You’ve hit the nail on the head Jean1. I may in theory be free to spend my pension in any way I please - leaving aside all the complexities of the benefits system that sees fit to reduce anything you can claim if a little extra income comes your way - in fact DWP are quick off the mark every year to find out what the increase in my occupational pension will be usually before I know myself in which case i have to give them permission to get this information direct from my pension provider - but the reality is if I want some say in my future living and care needs that will give me quality of life, which I do, that will largely be down to me to self fund. The statutory services will I think, be only able to fund the bare minimum for some time to come. Therefore as I said in theory i could spend my pension how I please, the reality is I have to cover day to day costs now and do what I can to preserve and enhance any savings I can (which is not much) to try and ensure quality care as my deterioration progresses. Given the cost of social care I am not even sure that my most valuable asset, my flat, where I could be seen as being rich on paper, would be enough for me to self fund which is a very sobering thought. In fact it has already made me reconsider one option which would mean my savings would be eroded by having to pay for everything and i would not have a means of replacing those savings. Anyone living with a chronic and deteriorating condition such as Parkinson’s should really not have to worry about their future because of finances but the stark reality is there will never be enough money in the pot. Demand will always be greater than supply, and we have increasing expectations of what we are entitled to and what health and social should provide. For me it means being proactive in seeking out options that will give me the future I want and that means accepting at the moment anyway, I will need to self fund and that is costly.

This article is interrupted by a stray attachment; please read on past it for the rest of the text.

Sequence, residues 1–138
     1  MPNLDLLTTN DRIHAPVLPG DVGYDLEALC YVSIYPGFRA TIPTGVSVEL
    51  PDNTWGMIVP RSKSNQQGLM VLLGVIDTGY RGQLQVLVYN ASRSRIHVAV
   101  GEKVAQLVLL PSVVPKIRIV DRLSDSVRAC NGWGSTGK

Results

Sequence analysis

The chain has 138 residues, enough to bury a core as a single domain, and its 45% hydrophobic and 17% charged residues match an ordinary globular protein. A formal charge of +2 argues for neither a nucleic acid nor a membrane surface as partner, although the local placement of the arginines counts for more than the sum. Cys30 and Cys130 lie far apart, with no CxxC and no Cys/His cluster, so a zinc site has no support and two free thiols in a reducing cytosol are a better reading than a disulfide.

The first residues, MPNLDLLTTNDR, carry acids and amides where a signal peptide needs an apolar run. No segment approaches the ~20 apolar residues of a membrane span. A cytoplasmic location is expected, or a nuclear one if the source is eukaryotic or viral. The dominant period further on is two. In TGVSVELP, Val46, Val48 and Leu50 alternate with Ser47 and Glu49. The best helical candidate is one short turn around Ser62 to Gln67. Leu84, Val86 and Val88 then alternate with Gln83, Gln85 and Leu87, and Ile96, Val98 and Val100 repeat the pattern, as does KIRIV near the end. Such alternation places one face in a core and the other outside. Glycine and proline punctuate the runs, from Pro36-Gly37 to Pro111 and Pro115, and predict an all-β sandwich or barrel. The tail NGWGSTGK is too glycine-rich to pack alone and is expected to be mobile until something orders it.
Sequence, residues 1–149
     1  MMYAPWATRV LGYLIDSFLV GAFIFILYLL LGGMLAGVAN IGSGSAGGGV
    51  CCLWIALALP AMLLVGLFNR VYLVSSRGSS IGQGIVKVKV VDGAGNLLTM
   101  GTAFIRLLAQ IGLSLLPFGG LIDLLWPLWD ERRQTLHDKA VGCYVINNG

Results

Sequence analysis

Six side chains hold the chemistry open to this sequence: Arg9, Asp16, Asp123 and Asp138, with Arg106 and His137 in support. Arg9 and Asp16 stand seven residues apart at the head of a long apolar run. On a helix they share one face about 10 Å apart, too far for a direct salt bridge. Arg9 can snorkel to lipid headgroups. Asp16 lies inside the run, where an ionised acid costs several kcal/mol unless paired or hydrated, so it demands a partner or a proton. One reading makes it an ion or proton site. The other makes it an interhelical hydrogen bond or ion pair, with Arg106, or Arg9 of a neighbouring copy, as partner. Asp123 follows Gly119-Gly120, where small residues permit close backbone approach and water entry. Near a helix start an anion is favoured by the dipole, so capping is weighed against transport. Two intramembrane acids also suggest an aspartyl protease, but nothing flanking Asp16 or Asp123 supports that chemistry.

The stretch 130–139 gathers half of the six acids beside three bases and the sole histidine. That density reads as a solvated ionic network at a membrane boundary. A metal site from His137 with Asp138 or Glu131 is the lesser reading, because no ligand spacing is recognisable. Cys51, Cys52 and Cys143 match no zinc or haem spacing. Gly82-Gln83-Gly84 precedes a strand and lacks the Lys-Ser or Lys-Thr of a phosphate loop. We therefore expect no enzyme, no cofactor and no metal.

I have read with interest the replies to this observation. The word carer seems to be contentious something which given our situation I find interesting it is after all only a word. My husband has 24/7 carers in the house we have a pool of about 5/6 who work between 24/48 hours per shift. The carers/support assistants have to be knowledgeable and experienced - poor care results in significant deterioration I also have a gardener who cares for the garden and a cleaner who cares for the house and has become a good friend and support as has the gardener. The support workers/carers take my husband out in his car shopping and for various excursions if he is well enough. The good carers provide stimulating conversation which is essential to his cognition.
We do have a mobility car - unfortunately he was diagnosed at 56 and due to medical negligence lost his mobility sooner rather than later. We have had to fund all adaptations to the house to make it wheel chair accessible throughout.

The carers we do have are excellent and although highly valued by us, significantly underpaid. We truly appreciate all the care we get to enable my husband to continue living in his own home.

In the past I did get carers allowance - a pitiful amount which was taken away when I took up my state pension.
I am my husbands main carer and much of my time is taken up with overseeing the carers, liaising with the care agency, ensuring quality of care ( unfortunately too many carers do not understand the complex needs of pwp). Liaising with consultants and their secretaries, liaising with Milbrook Healthcare re maintenance of equipment dealing with orthotics GP surgery etc etc.
Yes my husbands care is fully funded and I am truly grateful however i would much rather he didn’t need it. I have lost my husband to this horrible illness but I am still grateful for all I have. When the time comes the care you need is there but you will have to fight to get it and the need for good advocacy is essential . This is something that should be offered at diagnosis. Yes I know there are Parkinsons Nurses and Local Advisors but these roles need developing further especially for pwp in hospital.

Unfortunately we are to in a time of crisis with regards to funding of care and severe cases like ours will get the funding, however too many fall short of the criteria needed to trigger this level of support. This is how it is at the moment but we have to fight for better care in the community and also for more community involvement.

Finally I will jump on my hobby horse and say all newly diagnosed and their partners, if they have one, need emotional support. Additionally in the same way as exercise is prioritised so should the tools to deal with stress,depression and anxiety be offered including carers/partners.

1 Like

Hello there,

I am a carer for my husband and am finding it tough going. My GP referred me to someone called a Social Prescriber. She is amazing and has made me aware of lots of different support avenues. I have not met her but we speak on the phone monthly. She is, I understand, there to support me as a carer and so far I have found it amazing. So it might be worth asking your GP if there is a similar system in your area.

1 Like